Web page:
By Kenechi Uzor—
We don’t have it yet, but still, hurrah for the year, sometime in the future when we would.
An MFA Programme is an advanced degree in creative writing. Some Nigerians who know about it have argued over the essays and articles written on the relevance or non-relevance of MFA programmes in America.
It is no longer fretful that Nigerians can fight over matters that happen on the moon and events that happen in neighbouring Mars, etc. The more alien the matter, the more the caterwauling.
So yes, Nigerians argue on Social Media and in Freedom Park over the superfluity of American MFA programmes when we don’t have one. Have you not heard those panellists at our literary festivals talk about it? The Facebook literary giants and Twitter authors basking in likes, comments, and retweets over their opinions on MFA vs NYC or MFA vs POC? Not one of them ever suggested or wondered why we do not have an MFA programme or anything near it in any of the 147 universities in Nigeria. No school of advanced creative writing in a country of 170 million.
Is an MFA degree necessary? If someone puts a question like that out, it might cause Nigerians too much gall. They will detract this discourse by listing a few excellent writers who never went for an MFA programme. Certainly, writers without MFAs exist.
Still, writing is carpentry. There is always a difference between a self-taught carpenter and a formally educated one. There is a finesse that only very few can achieve without the oversight, the instruction of institutional or learned counsel.
Is the problem with the education, the educated, or the educator? Is the absence of an MFA programme in Nigeria a consequence of the quality of our education? Or is it with the educators? Who would teach in the MFA? Is it with the students? Are they ready to read?
All of the above.
A good number of Nigerian doctors spend almost 10 years studying Medicine in Nigerian universities.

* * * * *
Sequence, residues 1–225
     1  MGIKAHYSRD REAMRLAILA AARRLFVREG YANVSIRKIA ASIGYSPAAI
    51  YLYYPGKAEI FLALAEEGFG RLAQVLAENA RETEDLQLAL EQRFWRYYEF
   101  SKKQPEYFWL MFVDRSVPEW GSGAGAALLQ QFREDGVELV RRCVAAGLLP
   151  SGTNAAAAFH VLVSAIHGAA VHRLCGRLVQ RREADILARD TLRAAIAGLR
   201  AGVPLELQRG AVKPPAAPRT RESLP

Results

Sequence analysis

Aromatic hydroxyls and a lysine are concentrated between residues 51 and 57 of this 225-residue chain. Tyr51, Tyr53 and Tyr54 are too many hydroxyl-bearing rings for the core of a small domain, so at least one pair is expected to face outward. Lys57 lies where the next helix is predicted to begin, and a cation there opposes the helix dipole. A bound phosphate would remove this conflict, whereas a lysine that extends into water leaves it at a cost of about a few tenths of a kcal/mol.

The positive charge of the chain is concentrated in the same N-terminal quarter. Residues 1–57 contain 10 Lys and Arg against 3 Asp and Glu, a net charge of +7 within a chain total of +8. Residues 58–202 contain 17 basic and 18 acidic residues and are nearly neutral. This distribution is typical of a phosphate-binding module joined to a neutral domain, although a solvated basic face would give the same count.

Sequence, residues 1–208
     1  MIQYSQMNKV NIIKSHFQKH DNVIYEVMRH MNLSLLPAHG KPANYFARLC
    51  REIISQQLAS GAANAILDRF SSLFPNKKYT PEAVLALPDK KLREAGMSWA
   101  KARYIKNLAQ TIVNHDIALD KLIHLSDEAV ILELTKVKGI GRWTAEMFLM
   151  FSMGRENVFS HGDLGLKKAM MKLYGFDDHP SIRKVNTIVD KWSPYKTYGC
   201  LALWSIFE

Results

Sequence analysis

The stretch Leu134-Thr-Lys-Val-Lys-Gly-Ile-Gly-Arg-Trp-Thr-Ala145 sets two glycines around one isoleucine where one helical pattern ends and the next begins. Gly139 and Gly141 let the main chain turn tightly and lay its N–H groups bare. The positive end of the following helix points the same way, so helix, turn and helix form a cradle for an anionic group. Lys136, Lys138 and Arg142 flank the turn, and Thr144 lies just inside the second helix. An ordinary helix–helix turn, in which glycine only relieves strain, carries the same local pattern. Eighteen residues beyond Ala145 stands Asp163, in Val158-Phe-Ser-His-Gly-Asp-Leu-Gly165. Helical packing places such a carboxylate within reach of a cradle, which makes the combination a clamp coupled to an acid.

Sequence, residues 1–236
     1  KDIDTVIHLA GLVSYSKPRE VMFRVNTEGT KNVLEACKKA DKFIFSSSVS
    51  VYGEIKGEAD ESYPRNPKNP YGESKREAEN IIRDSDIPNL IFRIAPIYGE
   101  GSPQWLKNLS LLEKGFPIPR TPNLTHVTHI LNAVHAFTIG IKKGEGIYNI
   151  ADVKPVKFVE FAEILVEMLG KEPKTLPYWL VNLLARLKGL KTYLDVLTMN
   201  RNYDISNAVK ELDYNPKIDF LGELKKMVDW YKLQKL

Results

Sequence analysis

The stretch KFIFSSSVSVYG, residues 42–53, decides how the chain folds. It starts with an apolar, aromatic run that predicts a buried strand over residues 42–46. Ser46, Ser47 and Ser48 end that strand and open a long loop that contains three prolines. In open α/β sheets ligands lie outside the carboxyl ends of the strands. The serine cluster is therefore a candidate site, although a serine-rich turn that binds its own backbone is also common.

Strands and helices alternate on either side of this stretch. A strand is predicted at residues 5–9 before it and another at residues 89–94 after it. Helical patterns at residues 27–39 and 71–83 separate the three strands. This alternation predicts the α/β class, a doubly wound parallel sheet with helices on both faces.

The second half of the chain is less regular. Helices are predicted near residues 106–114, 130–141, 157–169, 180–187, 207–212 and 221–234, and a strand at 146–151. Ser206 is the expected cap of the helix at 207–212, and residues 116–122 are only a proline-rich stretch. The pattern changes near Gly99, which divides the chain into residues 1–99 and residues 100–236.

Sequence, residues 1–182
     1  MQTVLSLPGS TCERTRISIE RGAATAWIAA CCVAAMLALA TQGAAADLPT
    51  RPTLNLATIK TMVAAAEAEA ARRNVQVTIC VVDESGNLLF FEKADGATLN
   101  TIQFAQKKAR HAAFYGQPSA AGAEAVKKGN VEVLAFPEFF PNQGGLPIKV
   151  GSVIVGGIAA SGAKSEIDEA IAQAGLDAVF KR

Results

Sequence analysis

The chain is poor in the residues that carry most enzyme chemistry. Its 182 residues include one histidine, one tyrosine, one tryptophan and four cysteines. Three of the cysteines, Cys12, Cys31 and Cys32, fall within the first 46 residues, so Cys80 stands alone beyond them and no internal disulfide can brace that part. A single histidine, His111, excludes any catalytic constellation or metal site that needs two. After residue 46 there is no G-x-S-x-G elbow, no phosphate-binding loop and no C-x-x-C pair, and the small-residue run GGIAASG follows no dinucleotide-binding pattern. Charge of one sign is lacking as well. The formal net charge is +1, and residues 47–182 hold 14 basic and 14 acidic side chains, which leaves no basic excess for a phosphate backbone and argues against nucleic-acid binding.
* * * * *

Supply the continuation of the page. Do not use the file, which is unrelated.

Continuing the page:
Some Engineering students spend as much as 7 years poring over engine drawings and calculations.
Writing is a discipline with as much claim to study and the time for it. Perhaps writing requires more time not just to whet the craft’s edge, but for the development and expression of its ideas.
But Nigerian writing neophytes have no temples of study, no priest-guides. They chart their own courses, and navigate the dark seas of literary art with little help from the stars. Some never make it to shore. Those whose craft would have benefited greatly from a compass and sophistication paddle along on their own.
The absence of an institutional backing is part reason writing or writers in these parts have little honour or respect unless they win acclaim. The layman, even some writing neophytes, have an inkling of what it would take to become a Doctor, or an Engineer, but they do not understand what a writer has to study for. Because it is assumed that writing doesn’t require much, that anybody can be a writer. All that is required is WordPress, a smart phone, and they write away.
What is the Nigerian creative writer to read or do to improve his writing? Some have no other material except the few Nigerian books around them. But is this enough? It can’t be enough if they want to compete at the world level. Their counterparts abroad have thousands of books and a preponderance of MFA schools to aid them. 304, 912 books were published in America in 2013. Records couldn’t be found of books published in Nigeria same year, but in 1991, UNESCO put the total number of Nigerian published books at 1,314.
Few in our clime who have the wherewithal take their writing dreams abroad, to where quality is easier to come by. Some of these succeed, like others who flew out before them. But they get tagged as made-in-abroad writers, writers who pander to the west, writers who do not have the “authentic African experience.”
The Internet presents a Janus trait to the writing newbie. The instant endorsement it offers, often from those who aren’t authorities, congeal many talents at a spot where they erroneously think they have arrived. And yet there are excellent online writing journals and magazines where they could groom their craft if only they knew what to look for.
There is a prevalent view that bad writing isn’t the trouble with Nigerian literature, but that our literature suffers from a dearth of a reading culture. But is this one of those mantras, those doctrines that many have come to accept as true without debate?